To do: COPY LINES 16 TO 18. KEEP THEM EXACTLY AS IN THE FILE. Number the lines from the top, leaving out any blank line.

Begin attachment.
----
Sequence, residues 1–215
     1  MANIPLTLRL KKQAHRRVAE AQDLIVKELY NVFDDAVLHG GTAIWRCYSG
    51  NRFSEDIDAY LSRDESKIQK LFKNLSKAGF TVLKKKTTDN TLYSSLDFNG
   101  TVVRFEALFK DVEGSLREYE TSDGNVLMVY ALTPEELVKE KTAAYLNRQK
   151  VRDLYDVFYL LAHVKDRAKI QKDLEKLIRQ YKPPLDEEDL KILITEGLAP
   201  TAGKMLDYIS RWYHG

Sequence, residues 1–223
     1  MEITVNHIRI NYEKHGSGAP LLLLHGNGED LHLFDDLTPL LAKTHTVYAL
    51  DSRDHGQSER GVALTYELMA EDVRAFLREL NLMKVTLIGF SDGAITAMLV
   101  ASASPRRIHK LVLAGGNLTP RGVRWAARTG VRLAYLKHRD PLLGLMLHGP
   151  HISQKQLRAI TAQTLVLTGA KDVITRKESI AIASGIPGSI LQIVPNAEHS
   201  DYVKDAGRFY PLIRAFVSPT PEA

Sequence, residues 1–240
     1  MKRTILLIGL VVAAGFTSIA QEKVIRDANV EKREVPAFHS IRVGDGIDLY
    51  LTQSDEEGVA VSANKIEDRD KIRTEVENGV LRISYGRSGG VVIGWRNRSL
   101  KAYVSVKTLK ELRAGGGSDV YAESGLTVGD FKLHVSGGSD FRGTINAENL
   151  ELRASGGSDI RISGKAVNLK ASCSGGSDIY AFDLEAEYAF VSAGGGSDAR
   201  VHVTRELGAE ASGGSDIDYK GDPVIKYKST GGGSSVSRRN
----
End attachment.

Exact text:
   101  KAYVSVKTLK ELRAGGGSDV YAESGLTVGD FKLHVSGGSD FRGTINAENL
   151  ELRASGGSDI RISGKAVNLK ASCSGGSDIY AFDLEAEYAF VSAGGGSDAR
   201  VHVTRELGAE ASGGSDIDYK GDPVIKYKST GGGSSVSRRN